Victor and Corona

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Saints Victor and Corona
SaintsVictor and Corona.JPG
Illuminated miniature of the martyrdom of Saints Victor and Corona, on a full leaf from a Book of Hours, France (Paris), ca. 1480.
Martyrs
Died ~170 AD
Honored in
Roman Catholic Church
Feast May 14
Patronage Feltre; Castelfidardo; Corona is invoked in connection with superstitions involving money, such as gambling or treasure hunting

Saints Victor and Corona are two Christian martyrs. Most sources state that they were killed in Syria during the reign of Marcus Aurelius (170s AD). However, various hagiographical texts disagree about the site of their martyrdom, with some stating that it was Damascus, while Coptic sources state that it was Antioch. Some Western sources state that Alexandria or Sicily was their place of martyrdom. They also disagree about the date of their martyrdom. They may have been martyred during the reign of Antoninus, Diocletian, while the Roman Martyrology states that it was in the third century when they met their death.[1]

Legend[edit]

Their legend states that Victor was a Roman soldier of Italian ancestry, serving in the city of Damascus in Syria during the reign of Emperor Antoninus Pius. He was tortured -including having his eyes gouged out- by a commander named Sebastian.

While he was suffering from these tortures, the sixteen-year old spouse of one of his brothers-in-arms, named Corona,[2] comforted and encouraged him. For this, she was arrested and interrogated. According to the passio of Corona, which is considered largely fictional, Corona was bound to two bent palm trees and torn apart as the trunks were released.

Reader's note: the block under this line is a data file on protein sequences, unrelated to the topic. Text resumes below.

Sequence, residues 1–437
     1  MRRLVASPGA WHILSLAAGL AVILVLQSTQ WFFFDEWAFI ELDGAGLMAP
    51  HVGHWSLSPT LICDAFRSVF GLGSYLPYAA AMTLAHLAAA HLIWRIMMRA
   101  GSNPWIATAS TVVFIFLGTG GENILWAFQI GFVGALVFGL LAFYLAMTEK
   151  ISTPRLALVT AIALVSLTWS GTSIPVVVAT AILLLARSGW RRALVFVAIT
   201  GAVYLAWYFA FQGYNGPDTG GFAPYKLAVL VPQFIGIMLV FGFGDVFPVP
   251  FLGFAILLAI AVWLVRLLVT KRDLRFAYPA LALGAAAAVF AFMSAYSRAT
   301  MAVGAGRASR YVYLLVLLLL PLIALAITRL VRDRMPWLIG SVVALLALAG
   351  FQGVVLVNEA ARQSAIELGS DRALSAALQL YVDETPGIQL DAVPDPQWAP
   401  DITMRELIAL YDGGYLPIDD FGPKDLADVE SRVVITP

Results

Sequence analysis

Victor was beheaded in Damascus in 160 AD.

Other sources state that they were husband and wife.[3]

Veneration[edit]

Victor and Corona's memorial day is November 24 (November 11 in the Orthodox church calendar). Their feast day is May 14. Outside the town of Feltre on the slopes of Mount Miesna is the church of SS. Vittore e Corona, erected by the Crusaders from Feltre after the First Crusade.

Corona is especially venerated in Austria and eastern Bavaria. She is invoked in connection with superstitions involving money, such as gambling or treasure hunting.

Otto III, around AD 1000, brought Corona's relics to Aachen.

Notes[edit]

  1. ^ Santi Vittore e Corona
  2. ^ Also known as Stefania, Stephana, a Greek translation of her Latin name, meaning "crown"
  3. ^ Saint Patrick's Church: Saints of May 14

External links[edit]